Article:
Campbell supports carbon tax

FORMER NSW member for Keira and transport minister David Campbell has backed a carbon price as “a strong initial step to reach the kinds of goals that we need in the business sector” although the Illawarra coal industry he once represented will be a major casualty of the proposed tax.
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David Campbell

Staff Reporter

Campbell, who is now director of Wollongong University’s Innovation campus, said it was “a good first step in the long term policy sense” at the Business Leadership and Sustainability forum convened by the Sustain Group.

He said there were four key debates that need to be looked at if Australia was to become a low carbon economy: community will, political courage, more funding and better infrastructure, especially around public transport.

Sustain Group CEO Matthew Tukaki outlined the results of a recent survey of 347 business leaders, which found 58% of respondents say a price on carbon provides certainty, with additional anecdotal evidence suggesting business can now plan for the implementation of regulation.

“What we are now seeing is a trend develop where more people believe that certainty as a result of a price on carbon is at least a good outcome from the announcement,” Tukaki said.

“The comments provided indicate business and industry are beginning to develop responses and, for the great many who already have sustainability strategies in place, are now in a position to align what they have with where the economy now needs to go.”

Tukaki facilitated the panel that included Campbell, Planet Ark founder John Dee and Intercontinental Hotel Group director of sustainability Victoria Rose.

In a “balancing” question of what respondents thought of Opposition policy, 68% of respondents remain confused about what it means by direct action. This is up from the previous survey of 64%, but down from the 76% in the July 2010 survey.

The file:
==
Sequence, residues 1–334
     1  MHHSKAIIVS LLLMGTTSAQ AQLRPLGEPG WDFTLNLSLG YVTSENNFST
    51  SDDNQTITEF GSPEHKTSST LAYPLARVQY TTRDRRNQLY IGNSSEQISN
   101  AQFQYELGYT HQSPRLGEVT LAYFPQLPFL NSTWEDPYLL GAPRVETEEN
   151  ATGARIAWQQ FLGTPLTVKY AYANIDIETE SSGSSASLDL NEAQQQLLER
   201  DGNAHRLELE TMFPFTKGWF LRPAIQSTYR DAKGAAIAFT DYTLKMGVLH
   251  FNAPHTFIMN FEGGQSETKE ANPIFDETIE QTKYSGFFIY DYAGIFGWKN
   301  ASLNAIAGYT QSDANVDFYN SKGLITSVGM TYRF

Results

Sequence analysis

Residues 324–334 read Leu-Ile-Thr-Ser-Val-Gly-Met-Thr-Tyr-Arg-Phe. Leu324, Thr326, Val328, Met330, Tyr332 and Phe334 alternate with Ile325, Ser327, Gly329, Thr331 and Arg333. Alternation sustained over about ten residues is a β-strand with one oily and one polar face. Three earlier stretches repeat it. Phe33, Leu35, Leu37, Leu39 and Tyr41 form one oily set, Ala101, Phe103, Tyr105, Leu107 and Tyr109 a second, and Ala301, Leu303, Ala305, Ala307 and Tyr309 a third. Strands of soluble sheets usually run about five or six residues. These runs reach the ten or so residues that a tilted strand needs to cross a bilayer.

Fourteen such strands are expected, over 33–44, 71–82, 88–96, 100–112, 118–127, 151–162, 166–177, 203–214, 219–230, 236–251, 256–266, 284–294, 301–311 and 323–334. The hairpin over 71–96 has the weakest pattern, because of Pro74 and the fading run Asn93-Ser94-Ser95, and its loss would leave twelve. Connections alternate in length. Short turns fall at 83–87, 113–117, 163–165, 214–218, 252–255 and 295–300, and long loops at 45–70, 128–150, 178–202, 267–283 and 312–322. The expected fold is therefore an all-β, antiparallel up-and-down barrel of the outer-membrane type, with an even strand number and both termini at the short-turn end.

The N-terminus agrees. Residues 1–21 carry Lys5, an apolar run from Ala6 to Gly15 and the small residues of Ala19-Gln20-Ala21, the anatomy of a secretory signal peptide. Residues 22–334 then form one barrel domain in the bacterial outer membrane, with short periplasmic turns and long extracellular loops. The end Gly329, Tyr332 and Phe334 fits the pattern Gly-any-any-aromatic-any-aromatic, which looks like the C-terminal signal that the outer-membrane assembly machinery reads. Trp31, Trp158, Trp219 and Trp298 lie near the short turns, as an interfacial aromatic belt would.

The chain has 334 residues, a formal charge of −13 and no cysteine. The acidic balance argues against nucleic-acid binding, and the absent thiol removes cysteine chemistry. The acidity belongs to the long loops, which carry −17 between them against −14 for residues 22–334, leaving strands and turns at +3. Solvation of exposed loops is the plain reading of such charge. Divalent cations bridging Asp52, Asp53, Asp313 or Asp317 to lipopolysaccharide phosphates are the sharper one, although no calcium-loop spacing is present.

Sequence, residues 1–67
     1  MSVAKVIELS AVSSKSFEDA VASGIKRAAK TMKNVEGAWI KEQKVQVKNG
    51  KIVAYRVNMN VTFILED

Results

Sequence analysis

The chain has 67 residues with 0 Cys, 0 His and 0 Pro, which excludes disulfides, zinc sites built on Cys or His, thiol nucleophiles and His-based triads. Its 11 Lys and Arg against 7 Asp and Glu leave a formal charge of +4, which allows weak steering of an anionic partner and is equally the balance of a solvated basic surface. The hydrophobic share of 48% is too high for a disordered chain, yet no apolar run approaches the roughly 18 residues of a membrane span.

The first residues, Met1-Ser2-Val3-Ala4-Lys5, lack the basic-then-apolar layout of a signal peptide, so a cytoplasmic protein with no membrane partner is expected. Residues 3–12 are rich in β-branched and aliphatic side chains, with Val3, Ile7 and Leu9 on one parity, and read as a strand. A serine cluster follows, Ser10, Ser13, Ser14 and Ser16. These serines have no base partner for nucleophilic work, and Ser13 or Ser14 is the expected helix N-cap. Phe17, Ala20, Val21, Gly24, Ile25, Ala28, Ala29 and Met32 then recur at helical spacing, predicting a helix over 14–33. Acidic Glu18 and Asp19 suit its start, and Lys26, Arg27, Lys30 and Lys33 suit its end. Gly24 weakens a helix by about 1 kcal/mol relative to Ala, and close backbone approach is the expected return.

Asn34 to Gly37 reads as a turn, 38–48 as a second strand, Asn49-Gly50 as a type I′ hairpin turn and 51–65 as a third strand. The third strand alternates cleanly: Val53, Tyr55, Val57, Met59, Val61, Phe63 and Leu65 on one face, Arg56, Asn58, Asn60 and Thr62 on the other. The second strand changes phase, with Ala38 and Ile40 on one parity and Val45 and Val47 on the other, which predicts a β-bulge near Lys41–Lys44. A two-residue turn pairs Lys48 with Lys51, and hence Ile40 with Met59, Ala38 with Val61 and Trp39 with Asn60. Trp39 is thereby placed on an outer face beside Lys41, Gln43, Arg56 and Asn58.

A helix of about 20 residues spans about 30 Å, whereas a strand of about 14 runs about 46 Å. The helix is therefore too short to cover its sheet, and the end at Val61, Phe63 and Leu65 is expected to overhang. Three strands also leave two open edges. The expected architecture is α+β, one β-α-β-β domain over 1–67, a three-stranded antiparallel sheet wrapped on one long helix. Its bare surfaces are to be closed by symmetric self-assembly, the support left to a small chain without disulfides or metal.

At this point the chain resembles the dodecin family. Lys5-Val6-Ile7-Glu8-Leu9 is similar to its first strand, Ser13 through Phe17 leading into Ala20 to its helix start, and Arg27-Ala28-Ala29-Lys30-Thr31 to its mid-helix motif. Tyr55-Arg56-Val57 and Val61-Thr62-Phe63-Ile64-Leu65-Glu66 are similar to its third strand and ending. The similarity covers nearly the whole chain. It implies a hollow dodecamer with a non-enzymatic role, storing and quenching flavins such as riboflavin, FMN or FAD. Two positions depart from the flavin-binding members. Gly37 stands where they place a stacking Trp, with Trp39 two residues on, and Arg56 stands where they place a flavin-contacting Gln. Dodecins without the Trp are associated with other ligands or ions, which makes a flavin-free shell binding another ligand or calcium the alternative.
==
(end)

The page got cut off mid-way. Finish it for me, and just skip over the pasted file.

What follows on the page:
Some 61% remain uncertain as to the impacts of the price on carbon. In terms of how badly the government has got the carbon price message across, Dee said it had to “change the narrative urgently” to the opportunities and savings companies face under a carbon price.

Rose, representing the tourism and hospitality sectors, said: “There is support from both sectors for the carbon price and we recognise the need for a carbon price, but as an industry, being quite large emitters, there is also support that it doesn’t hinder operations in the short term. In the long term we are all about making sure that as an organisation we can adapt.”

Another issue touched on was whether Australia had enough skilled people to transition to a low carbon economy. Some 62% of respondents do not believe Australia has the skills base to accommodate a rise in demand for green jobs or a growing green and renewable energy/technology sector. This is down from 76.8% in the previous survey.

Campbell is also worried.

”I don’t think there are enough qualified people at this stage, especially in the trades level. We need to have a greater focus on understanding that there will be a change in the skills sector, given the change in the broader economy. But I have no doubt that we will get there,” he said.

It is not just a question of numbers, but of skills.

“In the future, as cities develop, there will be a need for a greater integration across disciplines; this is why I moved into the innovation area. We have a major carbon emitter in the Port Kembla steelworks that heavily relies on building materials for its products. Hence the collaboration between the [university] and the manufacturer as to how to adapt those product to be more sustainable,” he said.

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